Ukrainian law enforcement authorities on Monday disclosed the arrest of a hacker responsible for the creation and management of a "Powerful botnet" consisting of over 100,000 enslaved devices that was used to carry out distributed denial-of-service and spam attacks on behalf of paid customers. The Ukrainian police agency said it conducted a raid of the suspect's residence and seized their computer equipment as evidence of illegal activity.
The BFG is back, but thankfully it wasn't needed inside what looks like a rather modern and upmarket apartment block, because the suspects gingerly opened the door of their own accord when they heard the police outside. The report doesn't list which cryptocurrencies were frozen, and doesn't say whether those assets might ever actually be reclaimable if the suspects are ultimately convicted.
Law enforcement agencies have announced the arrest of two "Prolific ransomware operators" in Ukraine who allegedly conducted a string of targeted attacks against large industrial entities in Europe and North America since at least April 2020, marking the latest step in combating ransomware incidents. The joint exercise was undertaken on September 28 by officials from the French National Gendarmerie, the Ukrainian National Police, and the U.S. Federal Bureau of Investigation, alongside participation from the Europol's European Cybercrime Centre and the INTERPOL's Cyber Fusion Centre.
Europol has announced the arrest of two men in Ukraine, said to be members of a prolific ransomware operation that extorted victims with ransom demands ranging between €5 to €70 million. The international law enforcement operation was conducted in coordination with the FBI, the French police, and the Ukrainian National Police.
The Security Service of Ukraine has taken down a network of six call centers in Lviv, used by a ring of scammers to defraud cryptocurrency investors worldwide. Fraudsters behind these illegal call centers used VoIP phone numbers to hide their locations while scamming thousands of foreign investors.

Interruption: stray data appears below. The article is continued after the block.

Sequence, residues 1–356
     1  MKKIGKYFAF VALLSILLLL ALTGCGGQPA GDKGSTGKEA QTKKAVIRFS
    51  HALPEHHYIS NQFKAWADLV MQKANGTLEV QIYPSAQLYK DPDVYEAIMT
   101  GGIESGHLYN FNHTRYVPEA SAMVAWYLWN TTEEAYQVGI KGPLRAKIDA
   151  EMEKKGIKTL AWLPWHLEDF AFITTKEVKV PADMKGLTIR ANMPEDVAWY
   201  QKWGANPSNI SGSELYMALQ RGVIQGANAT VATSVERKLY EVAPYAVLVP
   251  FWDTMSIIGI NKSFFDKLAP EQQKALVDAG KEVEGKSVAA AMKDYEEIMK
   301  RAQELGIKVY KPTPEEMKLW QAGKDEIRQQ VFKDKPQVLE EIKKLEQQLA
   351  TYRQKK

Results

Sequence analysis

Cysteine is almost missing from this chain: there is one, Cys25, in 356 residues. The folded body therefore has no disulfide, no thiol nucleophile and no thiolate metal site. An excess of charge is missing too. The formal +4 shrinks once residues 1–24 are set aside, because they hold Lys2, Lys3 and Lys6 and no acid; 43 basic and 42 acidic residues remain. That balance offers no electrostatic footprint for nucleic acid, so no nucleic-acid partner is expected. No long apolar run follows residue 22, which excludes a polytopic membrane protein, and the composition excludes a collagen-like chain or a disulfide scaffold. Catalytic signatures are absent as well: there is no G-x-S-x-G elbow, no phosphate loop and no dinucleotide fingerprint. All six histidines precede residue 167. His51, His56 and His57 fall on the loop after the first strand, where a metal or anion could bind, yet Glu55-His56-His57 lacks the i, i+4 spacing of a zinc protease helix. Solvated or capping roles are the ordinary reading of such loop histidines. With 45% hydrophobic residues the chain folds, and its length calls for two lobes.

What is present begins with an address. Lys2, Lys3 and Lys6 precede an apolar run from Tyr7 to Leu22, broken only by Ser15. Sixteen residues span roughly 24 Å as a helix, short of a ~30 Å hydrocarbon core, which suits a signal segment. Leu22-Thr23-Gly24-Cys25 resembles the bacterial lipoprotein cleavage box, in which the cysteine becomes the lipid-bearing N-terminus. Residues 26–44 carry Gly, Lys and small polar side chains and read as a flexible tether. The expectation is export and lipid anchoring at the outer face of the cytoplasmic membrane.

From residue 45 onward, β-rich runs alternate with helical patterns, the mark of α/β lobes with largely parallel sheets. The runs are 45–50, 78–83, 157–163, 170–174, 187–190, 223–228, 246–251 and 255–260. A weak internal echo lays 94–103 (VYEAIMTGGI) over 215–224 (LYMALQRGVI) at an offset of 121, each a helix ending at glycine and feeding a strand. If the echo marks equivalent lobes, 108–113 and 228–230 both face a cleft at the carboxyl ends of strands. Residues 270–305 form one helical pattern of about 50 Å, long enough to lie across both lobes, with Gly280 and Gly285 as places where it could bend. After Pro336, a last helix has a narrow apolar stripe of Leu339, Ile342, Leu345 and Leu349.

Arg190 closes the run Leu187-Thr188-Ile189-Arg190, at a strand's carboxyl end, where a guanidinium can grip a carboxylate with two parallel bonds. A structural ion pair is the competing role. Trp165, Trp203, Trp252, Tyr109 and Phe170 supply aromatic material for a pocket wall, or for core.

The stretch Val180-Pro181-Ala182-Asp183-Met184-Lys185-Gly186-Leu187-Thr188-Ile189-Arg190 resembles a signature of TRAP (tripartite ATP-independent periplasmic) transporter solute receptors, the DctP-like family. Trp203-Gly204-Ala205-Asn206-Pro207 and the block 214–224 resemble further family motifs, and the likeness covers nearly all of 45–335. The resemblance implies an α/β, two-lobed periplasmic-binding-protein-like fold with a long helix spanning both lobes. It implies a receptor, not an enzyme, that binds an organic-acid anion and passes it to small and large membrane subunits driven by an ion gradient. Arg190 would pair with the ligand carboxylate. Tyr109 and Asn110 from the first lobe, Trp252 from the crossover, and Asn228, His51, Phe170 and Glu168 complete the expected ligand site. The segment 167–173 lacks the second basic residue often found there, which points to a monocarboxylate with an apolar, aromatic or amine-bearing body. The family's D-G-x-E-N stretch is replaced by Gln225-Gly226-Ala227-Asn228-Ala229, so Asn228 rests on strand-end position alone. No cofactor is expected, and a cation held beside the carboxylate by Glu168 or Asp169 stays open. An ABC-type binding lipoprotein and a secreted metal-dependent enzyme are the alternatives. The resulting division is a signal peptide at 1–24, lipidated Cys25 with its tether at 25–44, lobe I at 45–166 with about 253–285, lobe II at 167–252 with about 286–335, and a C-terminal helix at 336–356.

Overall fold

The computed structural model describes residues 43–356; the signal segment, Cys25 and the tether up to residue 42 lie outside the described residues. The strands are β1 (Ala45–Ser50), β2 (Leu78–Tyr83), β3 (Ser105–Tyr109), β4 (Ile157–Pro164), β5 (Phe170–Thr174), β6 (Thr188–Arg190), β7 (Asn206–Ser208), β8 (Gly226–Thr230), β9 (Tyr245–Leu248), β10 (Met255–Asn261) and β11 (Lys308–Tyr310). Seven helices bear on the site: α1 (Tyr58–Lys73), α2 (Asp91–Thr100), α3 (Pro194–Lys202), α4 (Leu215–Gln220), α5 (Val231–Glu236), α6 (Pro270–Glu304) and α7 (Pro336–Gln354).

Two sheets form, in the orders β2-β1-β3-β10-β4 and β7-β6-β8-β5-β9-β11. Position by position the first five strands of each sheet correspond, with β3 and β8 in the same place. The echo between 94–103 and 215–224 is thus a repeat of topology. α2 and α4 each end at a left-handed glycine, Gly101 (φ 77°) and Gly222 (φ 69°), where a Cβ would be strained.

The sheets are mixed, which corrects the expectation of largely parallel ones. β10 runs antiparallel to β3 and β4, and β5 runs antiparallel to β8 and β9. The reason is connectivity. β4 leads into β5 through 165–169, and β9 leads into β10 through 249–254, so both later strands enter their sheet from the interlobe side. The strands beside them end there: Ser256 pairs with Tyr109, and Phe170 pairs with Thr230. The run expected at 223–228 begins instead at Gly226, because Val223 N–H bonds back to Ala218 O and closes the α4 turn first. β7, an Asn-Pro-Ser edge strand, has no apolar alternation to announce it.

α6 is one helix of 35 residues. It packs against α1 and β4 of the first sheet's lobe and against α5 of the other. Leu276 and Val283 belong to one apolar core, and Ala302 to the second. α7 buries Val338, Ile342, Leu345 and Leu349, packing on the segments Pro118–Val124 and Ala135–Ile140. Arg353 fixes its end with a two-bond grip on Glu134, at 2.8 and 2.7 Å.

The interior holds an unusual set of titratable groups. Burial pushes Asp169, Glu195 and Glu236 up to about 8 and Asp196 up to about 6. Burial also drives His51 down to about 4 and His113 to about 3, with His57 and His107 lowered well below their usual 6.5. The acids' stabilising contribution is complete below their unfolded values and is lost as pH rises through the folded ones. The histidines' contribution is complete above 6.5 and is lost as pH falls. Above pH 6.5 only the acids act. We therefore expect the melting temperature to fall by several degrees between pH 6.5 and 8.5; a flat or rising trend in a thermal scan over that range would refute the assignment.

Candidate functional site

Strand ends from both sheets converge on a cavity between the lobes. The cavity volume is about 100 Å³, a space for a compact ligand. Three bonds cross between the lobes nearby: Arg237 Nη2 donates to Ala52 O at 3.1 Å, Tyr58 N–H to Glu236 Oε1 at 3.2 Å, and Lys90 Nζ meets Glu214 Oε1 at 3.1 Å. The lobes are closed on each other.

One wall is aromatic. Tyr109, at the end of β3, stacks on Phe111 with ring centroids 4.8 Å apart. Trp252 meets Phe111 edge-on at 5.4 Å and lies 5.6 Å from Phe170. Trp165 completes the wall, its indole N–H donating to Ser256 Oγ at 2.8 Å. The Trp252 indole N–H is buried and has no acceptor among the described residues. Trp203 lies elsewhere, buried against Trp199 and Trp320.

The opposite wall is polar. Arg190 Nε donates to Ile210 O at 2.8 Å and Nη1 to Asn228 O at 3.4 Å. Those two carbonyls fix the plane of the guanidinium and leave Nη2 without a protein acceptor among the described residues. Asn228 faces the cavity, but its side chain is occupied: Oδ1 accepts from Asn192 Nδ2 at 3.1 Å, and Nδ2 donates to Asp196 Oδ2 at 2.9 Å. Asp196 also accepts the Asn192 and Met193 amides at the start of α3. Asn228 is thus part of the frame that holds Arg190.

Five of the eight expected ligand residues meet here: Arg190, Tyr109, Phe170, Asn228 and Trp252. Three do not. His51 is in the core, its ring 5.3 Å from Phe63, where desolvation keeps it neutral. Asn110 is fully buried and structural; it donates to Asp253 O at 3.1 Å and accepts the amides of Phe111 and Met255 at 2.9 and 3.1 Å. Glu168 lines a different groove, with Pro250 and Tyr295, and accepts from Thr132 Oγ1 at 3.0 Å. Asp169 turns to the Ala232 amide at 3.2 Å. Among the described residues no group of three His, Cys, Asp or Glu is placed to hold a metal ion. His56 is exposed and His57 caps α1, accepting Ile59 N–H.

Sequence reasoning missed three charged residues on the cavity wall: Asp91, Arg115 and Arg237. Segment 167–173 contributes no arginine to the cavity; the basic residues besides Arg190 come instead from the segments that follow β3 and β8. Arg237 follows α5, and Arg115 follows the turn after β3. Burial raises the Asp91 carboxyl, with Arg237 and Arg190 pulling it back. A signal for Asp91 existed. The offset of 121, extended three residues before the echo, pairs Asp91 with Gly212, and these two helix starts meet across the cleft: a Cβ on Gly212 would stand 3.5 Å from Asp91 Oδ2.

The Security Service of Ukraine took down a network of cryptocurrency exchanges used to anonymize transactions since the beginning of 2021. "The clandestine cryptocurrency exchanges were in demand because they provided anonymity of transactions and possibility of money laundering," the SBU said.
Authorities in Ukraine have made another cybersecurity bust - this time shutting down what they said is one of the largest underground cryptomining operations ever found. Stealing the vast amounts of electricity needed to power the computer farms required to mine cryptocurrency is most definitely prohibited.
Ukrainian police have carried out nearly two dozen raids targeting alleged associates of a Russian-speaking ransomware gang it blamed for a half billion dollars in cyberattacks and extortion that hit the United States and South Korea especially hard. A police statement on Wednesday said 21 raids were conducted on the homes of suspects affiliated with the Clop ransomware syndicate in Kyiv and elsewhere, with computer equipment and about 5 million hryna in cash seized.
Ukrainian law enforcement officials on Wednesday announced the arrest of the Clop ransomware gang, adding it disrupted the infrastructure employed in attacks targeting victims worldwide since at least 2019. The ransomware attacks amount to $500 million in monetary damages, the National Police said, noting that "Law enforcement has managed to shut down the infrastructure from which the virus spreads and block channels for legalizing criminally acquired cryptocurrencies."
You don't need to be fluent in Ukrainian to understand the shouted command: "Open up, Police!". At which point the door opens outwards, slowly and tentatively, and the raid is ON! According to the Ukrainian police, law enforcement officers conducted 21 searches in the capital and Kyiv region.